An advantage of the process shown in FIG. 3 is that potential errors are detected as they occur, thereby allowing immediate remediation. For example, a human or machine operator could be alerted at step 308 to simply recapture the image for the particular page, thereby obviating the need to later return to that page to capture a better image (if the error is detected at all). The spatial data processing may also alert the operator of the need to reposition the document and/or the imaging cameras, thereby preventing the collection of an entire document's worth of useless data due to a careless initial placement of the document under the imaging cameras. Alternatively, some or all of the errors or special conditions detected at step 306 could be processed at a later time. For example, if it is determined that a page contains a pop-up image, the scanning system may return to that page at a later time so that it can apply specialized image capture techniques (e.g., additional, or repositioned, cameras). In sum, the automatic error detection provided by embodiments of the present invention facilitates efficient quality control over the imaging process.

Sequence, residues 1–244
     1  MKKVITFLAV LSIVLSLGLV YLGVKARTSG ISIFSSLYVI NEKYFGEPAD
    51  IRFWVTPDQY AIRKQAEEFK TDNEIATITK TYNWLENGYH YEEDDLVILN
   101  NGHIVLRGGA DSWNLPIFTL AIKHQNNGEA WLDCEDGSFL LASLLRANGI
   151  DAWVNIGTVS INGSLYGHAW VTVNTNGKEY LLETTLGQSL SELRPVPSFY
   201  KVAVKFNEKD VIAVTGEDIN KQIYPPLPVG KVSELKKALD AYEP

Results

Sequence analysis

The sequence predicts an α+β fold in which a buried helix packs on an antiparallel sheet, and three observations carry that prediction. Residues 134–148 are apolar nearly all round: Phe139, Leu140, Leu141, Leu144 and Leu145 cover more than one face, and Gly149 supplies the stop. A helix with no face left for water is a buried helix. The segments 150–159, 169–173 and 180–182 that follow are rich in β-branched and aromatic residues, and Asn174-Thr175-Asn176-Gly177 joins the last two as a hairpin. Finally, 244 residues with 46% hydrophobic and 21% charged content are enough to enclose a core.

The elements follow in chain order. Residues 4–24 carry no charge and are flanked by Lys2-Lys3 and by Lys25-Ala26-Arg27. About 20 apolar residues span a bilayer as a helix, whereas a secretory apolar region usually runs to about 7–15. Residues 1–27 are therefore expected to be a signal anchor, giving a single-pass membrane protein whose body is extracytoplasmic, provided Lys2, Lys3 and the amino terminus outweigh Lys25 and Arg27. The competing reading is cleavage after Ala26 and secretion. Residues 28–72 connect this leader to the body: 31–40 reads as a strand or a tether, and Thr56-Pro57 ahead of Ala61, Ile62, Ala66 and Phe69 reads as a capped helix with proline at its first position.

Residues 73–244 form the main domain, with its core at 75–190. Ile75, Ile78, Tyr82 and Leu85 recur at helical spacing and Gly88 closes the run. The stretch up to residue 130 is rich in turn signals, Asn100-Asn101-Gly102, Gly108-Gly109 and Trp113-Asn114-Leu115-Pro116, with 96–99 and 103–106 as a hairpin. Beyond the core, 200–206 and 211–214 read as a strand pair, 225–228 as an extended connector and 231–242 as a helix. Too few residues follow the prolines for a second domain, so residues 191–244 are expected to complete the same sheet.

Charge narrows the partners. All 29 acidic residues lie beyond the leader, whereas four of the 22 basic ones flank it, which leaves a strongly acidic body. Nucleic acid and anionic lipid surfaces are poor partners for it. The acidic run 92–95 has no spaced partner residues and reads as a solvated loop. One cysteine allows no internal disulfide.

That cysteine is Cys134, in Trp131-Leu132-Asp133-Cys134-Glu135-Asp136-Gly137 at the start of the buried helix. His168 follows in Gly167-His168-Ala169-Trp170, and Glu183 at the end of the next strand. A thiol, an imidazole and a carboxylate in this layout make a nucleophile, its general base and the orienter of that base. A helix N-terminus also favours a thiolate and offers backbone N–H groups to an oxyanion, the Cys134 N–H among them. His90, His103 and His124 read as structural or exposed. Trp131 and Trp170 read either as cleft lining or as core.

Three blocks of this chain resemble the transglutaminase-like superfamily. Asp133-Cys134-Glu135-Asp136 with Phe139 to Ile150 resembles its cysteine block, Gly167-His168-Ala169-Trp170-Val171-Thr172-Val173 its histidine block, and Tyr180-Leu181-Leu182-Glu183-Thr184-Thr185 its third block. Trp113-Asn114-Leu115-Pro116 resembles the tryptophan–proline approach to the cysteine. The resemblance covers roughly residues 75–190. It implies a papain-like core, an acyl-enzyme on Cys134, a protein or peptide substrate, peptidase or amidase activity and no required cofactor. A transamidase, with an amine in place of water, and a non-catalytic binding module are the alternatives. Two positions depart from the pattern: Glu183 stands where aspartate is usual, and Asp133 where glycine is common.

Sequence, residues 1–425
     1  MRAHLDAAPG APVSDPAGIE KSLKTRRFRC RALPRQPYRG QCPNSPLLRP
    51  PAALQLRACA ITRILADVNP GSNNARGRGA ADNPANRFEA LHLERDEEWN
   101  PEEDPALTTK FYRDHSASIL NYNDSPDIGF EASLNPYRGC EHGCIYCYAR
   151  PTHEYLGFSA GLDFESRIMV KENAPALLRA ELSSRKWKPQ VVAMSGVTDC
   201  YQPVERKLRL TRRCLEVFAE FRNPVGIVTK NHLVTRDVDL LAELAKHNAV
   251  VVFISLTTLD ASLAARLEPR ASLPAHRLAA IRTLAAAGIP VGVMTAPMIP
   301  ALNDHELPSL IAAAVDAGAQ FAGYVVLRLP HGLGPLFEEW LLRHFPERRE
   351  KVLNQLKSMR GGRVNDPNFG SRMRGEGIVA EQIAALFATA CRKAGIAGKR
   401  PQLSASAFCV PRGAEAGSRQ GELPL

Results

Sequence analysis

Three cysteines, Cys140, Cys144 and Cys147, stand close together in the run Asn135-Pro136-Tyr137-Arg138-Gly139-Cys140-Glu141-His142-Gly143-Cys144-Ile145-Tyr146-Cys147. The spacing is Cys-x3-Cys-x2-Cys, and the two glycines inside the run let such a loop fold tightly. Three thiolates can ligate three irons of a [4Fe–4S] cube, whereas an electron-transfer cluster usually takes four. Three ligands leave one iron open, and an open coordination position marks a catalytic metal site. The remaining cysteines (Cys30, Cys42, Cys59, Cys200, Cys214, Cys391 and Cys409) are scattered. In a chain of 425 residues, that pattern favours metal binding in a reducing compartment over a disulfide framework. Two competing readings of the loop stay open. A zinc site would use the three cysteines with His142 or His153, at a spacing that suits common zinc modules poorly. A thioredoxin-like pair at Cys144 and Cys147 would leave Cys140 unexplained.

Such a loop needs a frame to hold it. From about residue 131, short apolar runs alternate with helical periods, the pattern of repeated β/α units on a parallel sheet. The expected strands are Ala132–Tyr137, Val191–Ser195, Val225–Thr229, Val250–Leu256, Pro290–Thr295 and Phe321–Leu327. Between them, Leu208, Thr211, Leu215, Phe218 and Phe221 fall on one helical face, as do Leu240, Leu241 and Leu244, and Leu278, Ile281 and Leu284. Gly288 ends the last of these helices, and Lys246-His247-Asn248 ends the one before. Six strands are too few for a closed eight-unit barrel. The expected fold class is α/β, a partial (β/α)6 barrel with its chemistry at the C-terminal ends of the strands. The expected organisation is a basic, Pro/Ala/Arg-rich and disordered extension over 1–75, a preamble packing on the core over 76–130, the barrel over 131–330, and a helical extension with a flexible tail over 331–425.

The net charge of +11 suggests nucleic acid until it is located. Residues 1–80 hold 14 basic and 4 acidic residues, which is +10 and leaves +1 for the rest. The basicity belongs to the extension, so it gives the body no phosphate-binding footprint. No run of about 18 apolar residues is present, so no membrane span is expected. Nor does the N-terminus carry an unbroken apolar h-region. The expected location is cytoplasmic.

As previously indicated, any of a wide variety of techniques can be used to collect the three-dimensional data used to detect obstructions. One such technique makes use of a set of one or more cameras or lasers oriented in one or more planes parallel to the face of the document. FIG. 4 shows an example of one such arrangement. As shown in FIG. 4, detection devices such as cameras or lasers 42 . . . 42 z are operable to detect obstructions to their field of view. By using a matrix of such devices, the document scanning system can obtain detailed information about the nature and location of any obstruction to the face of document 26. In some embodiments, multiple matrices of detection devices can be stacked vertically in relation to the page surface, and/or the detection devices in a single matrix can be distributed at different heights, thereby enabling detection of obstructions anywhere between the page surface and the image capturing cameras. In other embodiments, scanning lasers could be used instead of, or in addition to, a static array of lasers such as that shown in FIG. 4.